Renters: unregistered and unrepresented?

It’s the time of year when my council sends round letters to check that we’re registered to vote. Happily, I’ve been renting my flat for a while and confirmed our names on the register with minimal fuss.

As the political world gears up for a by-election in Corby and a Bill on electoral reform wings its way through Parliament, the letter did get me thinking about how many of my neighbours – a somewhat transient bunch – had done the … Read more

Back to school: the new political season

September – chillier, windier, busier – is traditionally a time for a refresh. Having had the summer to reflect on how things have gone, our politicians traditionally use the return to Parliament to set out a rejuvenated course for the coming months. Summer 2012 was exceptional in every sense, and the Prime Minister used the moment to really shake up his ministerial teams.

It’s all change for housing policy. Our new team of ministers have been in post for a … Read more

Time to talk legacy?

There’s bound to be some stiff competition to get into Private Eye’s Olympicballs column this week – but let’s give it a go….

It’s still unfashionable to be sceptical about the likelihood of a legacy for the games, but let’s not forget that the original vision behind London’s bid for the Olympics was about regenerating a huge swathe of the ex-industrial east end, and providing tonnes of new homes in shiny new neighbourhoods.

So as the celebrations finish and … Read more

Nightmare letting agent stories

At Shelter we regularly come across letting agent nightmare stories.

We’ve heard of tenants being charged £100 just to view a property. Of non-refundable admin fees of £540, and of renters and landlords being double charged for exactly the same service.

In fact, nearly 11 million people have been charged an unfair fee by a letting agent according to a recent YouGov poll for Shelter – that’s 1 in 4 people in Great Britain. Furthermore, three quarters of renters … Read more

Waiting too long for a stable home

It’s a sad reality that in Britain we get used to putting up with the impact the high cost of housing has on our lives.

We accept having to spend an hour getting to and from work every day as we can’t afford to live any closer to our jobs. We think of the family homes we grew up in with nostalgia rather than aspiration, accepting we are unlikely to live anywhere similar. We pay half our salaries to keep … Read more

Build-to-let: just the tonic?

Over the last few months the Government has begun to take quite seriously some of the realities of England’s housing crisis that we have been banging on about for years:

We simply don’t have enough homes – we desperately need to build more. More and more people are renting privately for the long term – not through some fleeting lifestyle choice, but because buying a home is just too expensive. Building homes is good for the economy and for creating… Read more
Where the home is...

Many a time on this blog, emphasis has been put on how easy it is to lose a home. An unexpected event can throw things up in the air; a serious illness can prevent you paying the bills, the end of a relationship can spiral in the wrong direction.

Put simply, there’s only a frail safety net there which can be easily torn apart by life’s twists and turns.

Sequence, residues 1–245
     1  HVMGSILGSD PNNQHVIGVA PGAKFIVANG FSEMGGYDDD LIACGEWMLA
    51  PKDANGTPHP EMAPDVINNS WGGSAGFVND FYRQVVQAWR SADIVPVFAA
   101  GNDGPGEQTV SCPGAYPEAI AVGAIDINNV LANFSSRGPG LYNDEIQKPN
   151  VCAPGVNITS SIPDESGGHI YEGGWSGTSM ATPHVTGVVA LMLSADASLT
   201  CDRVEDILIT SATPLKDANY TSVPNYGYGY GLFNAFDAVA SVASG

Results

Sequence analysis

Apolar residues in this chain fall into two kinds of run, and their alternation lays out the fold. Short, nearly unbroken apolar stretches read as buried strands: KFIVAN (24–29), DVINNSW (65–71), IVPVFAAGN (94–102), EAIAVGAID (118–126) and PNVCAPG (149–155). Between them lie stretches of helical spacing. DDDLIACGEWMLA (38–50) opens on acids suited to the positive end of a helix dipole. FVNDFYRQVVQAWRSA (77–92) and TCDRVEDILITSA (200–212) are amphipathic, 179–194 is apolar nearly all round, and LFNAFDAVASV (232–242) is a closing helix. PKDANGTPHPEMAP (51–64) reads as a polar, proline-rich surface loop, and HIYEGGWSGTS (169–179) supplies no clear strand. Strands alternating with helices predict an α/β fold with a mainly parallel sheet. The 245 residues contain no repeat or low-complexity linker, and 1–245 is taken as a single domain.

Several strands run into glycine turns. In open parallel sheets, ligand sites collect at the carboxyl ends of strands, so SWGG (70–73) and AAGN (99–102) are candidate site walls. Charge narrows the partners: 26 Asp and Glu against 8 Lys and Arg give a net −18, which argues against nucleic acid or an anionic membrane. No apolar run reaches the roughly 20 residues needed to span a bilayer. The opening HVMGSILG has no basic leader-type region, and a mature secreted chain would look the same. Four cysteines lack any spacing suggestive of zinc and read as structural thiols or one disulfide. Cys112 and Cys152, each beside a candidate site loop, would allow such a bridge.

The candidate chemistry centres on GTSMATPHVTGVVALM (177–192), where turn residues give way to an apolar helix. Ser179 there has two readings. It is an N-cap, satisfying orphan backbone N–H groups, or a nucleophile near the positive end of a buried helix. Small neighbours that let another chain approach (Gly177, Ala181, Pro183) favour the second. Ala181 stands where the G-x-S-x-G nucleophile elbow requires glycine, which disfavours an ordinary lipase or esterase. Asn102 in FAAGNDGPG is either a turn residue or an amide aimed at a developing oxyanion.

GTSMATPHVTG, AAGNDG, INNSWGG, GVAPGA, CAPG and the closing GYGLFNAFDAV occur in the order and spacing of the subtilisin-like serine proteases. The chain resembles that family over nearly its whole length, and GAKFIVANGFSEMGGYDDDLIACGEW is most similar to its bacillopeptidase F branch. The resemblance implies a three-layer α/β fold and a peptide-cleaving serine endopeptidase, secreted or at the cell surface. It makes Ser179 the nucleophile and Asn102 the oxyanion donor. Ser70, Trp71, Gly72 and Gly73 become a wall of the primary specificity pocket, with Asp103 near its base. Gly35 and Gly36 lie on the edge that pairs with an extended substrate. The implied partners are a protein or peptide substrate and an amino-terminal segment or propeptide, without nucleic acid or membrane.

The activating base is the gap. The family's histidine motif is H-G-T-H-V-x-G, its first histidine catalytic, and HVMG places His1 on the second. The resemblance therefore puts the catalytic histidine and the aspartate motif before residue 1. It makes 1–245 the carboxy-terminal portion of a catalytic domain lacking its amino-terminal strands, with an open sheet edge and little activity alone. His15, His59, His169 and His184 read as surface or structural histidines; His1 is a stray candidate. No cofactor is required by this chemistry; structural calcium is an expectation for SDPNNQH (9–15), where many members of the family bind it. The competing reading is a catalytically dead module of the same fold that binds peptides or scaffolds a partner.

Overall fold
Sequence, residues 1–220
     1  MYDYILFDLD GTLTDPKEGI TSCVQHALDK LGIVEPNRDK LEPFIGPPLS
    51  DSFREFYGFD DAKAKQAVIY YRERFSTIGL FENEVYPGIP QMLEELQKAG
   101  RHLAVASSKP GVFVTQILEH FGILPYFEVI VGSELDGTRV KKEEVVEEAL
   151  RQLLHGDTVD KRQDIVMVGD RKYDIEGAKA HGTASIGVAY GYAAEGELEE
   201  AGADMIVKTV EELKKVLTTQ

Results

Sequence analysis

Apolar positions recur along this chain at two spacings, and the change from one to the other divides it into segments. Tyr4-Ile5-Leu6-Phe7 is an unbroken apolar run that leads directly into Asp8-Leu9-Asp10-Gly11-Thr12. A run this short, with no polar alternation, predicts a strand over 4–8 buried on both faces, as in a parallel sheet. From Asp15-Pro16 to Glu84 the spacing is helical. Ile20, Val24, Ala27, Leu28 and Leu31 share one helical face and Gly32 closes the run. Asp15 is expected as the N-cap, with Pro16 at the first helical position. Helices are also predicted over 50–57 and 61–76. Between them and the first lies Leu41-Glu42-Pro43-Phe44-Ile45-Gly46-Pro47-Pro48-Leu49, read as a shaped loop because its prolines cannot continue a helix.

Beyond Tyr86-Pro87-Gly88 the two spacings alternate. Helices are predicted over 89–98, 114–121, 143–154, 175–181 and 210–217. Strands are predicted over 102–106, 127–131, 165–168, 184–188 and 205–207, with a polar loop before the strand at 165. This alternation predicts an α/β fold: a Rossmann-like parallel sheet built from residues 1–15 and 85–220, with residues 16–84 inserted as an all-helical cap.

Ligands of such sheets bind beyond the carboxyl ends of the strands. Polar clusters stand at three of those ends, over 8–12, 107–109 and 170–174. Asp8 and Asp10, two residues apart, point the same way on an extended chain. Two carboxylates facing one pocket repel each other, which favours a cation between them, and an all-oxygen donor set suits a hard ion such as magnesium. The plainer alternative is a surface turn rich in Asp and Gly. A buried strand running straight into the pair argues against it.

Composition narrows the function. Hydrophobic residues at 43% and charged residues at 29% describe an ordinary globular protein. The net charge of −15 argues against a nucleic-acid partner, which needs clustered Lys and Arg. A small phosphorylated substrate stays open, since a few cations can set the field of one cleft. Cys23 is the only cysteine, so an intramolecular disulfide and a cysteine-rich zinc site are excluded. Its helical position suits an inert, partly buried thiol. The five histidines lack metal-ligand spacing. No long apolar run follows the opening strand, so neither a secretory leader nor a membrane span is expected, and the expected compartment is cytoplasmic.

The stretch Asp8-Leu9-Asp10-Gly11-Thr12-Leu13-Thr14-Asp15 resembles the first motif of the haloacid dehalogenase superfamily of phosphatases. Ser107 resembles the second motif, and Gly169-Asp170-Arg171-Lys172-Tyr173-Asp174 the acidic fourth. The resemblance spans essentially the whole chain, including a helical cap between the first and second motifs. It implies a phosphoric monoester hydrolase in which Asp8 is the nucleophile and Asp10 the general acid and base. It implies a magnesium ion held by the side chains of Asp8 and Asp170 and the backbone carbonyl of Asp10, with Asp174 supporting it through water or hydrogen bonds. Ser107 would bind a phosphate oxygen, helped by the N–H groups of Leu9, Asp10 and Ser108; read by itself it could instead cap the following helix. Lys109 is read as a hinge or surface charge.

At Shelter we believe that people who have become homeless should … Read more

Action for renters?

I like the idea of people power – people on their own or coming together to resolve issues in the market. It’s something we hear a lot of at Shelter – we get sent lots of suggestions to help tenants make educated choices, such as tenant training and tripadvisor-style websites.

But until recently, examples of real hands-on private renters campaigning were few and far between, save for the likes of longstanding groups in Brent, Camden, Scarborough and BlackpoolRead more

Are you a Grend?

Ok, it sounds like an insult, but this was the question asked today in the Times (£). It stands for ‘Graduates Renting, Employed, No Deposit’ – an increasing group of young-ish people priced out of owning a home.

Here at Shelter, we hear from ‘Grends’ all the time – debating with us and one another on Twitter and Facebook, and, more surprisingly, through our helpline and web services. Shelter helps anyone who needs us, and increasingly, many middle-income working … Read more

Does private renting offer stability for homeless families?

As Research Manager for the Sustain study – a project exploring the use of the private rented sector to accommodate homeless people and those in housing need – I’ve found myself reflecting on how rare it is to see a large scale, explorative research project addressing a pressing social policy issue.

Sadly research budgets have been cut back across both government and charitable sectors at a time when evidence on the impact of huge policy changes is badly needed.

Sustain … Read more

Guest Blog: Renting is the only game in town

There are signs all around that the housing market is changing. I’ve lost count of conversations with friends about how they’d like to buy a place but just can’t. When I walk down my local high street I see a huge number of estate agents but not a lot of choice: homes that are either crazy expensive or have ‘NO DSS!’ signs emblazoned in the windows.

Here, our guest blogger – the excellent Kathleen Kelly – reflects on two pieces … Read more

To buy or not buy?

What with me leading Shelter’s policy work on the future of the private rented sector, it was a surprise to my colleagues when I told them I was buying a flat. ‘That’s it, you’re out of the private rented sector!’ was Toby’s response.

The thing is, I am fed up with renting. I hate the magnolia walls in my flat, the worn laminate floors, the slope in the kitchen that means the cooker is wonky and one side of … Read more